SG: We’ve spoken about Gary and John but, I think the most important long term collaboration, both musically and personally, is with Carla. Most people say you shouldn’t mix business and romantic relationships, how’s this been for you guys over the years?
SS: I need both Carla and music in my life, and she and music have learned to live with each other. It’s their problem, not mine, and they’ve done very well to find a way to share space in my heart.
SG: Thanks. Well said. The list of projects that you and Carla have done together is far too big to delve into, but I would like to ask you about the collaboration with Andy Sheppard. After all, it was in Italy, with this trio, that we first met. The third album with this line-up is about to be released on ECM titled Life Goes On. Can you tell us how this transatlantic collaboration came about?
SS: I was introduced to Andy by our dear, departed friend John Cumming, and I produced several of Andy’s early albums. Carla mentioned one day that she was looking for a saxophone player who
didn’t sound like John Coltrane, and I said, “I’ve got one.” Andy joined Carla’s big band in the early ‘90s, and the trio followed shortly thereafter. It shows no sign of slowing down. Carla loves the care Andy takes with her music, the way he slowly and deliberately finds particular answers to the questions her music asks him.
SG: One thing I’d like to touch on is something I think many of our readers would be interested in hearing about and that’s the truth behind the Real Book. There are a lot of people that believe the Real Book was your work. Can you clear this up for us?
SS: I’m happy to correct this misunderstanding. The Real Book was made by two students at Berklee. I helped a little bit, providing some of my tunes and those of some of my friends, and occasionally proof-reading, but the considerable work was done by two talented people who choose, to this day, to remain anonymous. The book’s effect was immediate, and very obvious to me, as I walked past the practice rooms at school, on the way to my office. All of a sudden, people were playing the right chord changes.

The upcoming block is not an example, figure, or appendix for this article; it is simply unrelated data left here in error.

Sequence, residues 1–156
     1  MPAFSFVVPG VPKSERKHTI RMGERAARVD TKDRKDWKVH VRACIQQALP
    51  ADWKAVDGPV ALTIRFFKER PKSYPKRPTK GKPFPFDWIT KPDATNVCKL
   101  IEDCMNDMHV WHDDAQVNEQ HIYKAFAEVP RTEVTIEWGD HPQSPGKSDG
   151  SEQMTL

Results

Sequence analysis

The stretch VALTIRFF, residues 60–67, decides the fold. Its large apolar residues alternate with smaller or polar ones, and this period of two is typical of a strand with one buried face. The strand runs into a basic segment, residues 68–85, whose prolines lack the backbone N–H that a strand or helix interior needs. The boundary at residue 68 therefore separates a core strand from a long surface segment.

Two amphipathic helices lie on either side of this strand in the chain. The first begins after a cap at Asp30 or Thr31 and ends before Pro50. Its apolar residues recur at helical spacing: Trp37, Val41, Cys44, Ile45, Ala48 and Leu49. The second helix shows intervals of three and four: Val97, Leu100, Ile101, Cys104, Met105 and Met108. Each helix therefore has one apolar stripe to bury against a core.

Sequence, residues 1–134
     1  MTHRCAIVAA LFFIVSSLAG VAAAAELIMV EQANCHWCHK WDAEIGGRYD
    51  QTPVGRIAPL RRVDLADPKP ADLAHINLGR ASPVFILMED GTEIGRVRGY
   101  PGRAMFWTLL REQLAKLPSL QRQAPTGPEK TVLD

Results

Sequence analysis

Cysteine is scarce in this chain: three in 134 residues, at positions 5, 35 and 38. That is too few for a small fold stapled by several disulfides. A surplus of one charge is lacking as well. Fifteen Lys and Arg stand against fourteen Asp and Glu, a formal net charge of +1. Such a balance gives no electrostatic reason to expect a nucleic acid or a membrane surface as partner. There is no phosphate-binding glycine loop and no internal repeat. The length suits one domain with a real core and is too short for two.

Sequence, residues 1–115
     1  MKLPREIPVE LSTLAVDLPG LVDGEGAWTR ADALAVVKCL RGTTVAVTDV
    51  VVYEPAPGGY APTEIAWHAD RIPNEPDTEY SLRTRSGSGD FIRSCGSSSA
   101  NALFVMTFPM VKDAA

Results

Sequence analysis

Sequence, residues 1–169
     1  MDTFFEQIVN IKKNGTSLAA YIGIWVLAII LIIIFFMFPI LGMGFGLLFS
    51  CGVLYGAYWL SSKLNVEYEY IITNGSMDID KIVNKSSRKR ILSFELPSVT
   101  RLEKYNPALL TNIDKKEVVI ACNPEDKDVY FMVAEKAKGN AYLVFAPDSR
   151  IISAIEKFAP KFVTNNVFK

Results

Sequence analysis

SG: The book, in 1970’s terms, went “viral” throughout the jazz community worldwide. How do you think the book ended up as one of the most iconic underground publications the jazz world has ever seen and did you have a role in spreading it?
SS: The two guys who made the book did it, aside from whatever altruistic motives they may have had, to get money to pay for a Berklee education. Ironically, they never made much money from it. As soon as it became available under the counters of music shops and convenience stores around Berklee, others began making and selling their own photocopied editions. I suppose that’s how it went “viral”. I think it ended up on so many music stands around the world because it filled an obvious need. Many people must have thought, “Why didn’t I think of that?”
SG: Speaking of virality, I don’t think any interview in this period would be complete without asking about the current Corona pandemic. How do you think this pandemic will affect the music business?
SS: I and everyone I know are asking that question. Things will never be the same. I can only say with certainty that jazz will survive. I’ve witnessed big changes in the music’s demographic before – the move from clubs to concert halls, from the backrooms of music stores to the universities, from the USA to Europe and beyond – and the music has sailed straight ahead through it all.
SG: Thanks, Steve, I have one last question. You’ve had an amazing career and I would suspect you’re one of the most recorded musicians the jazz world has ever seen. What’s still on Steve Swallows bucket list?
SS: I hope to learn to play the damn bass.
Jazz In Europe Magazine – Summer 2020 Edition
This article is an abridged version of the full interview that appears in the Summer 2020 edition of the Jazz In Europe print magazine.
Also included in this edition are interviews with Norma Winstone Steve Swallow, Ambrose Akinmusire and Ruby Turner. We take a look at some rediscovered Thelonious Monk recordings, Nigel speaks with painter the Sharon Matishoff about her work painting portraits of Jazz Icons and our photo feature for this edition features the work of Polish photographer Kasia Idzkowska.
You can purchase a copy of the magazine here.
Last modified: August 3, 2020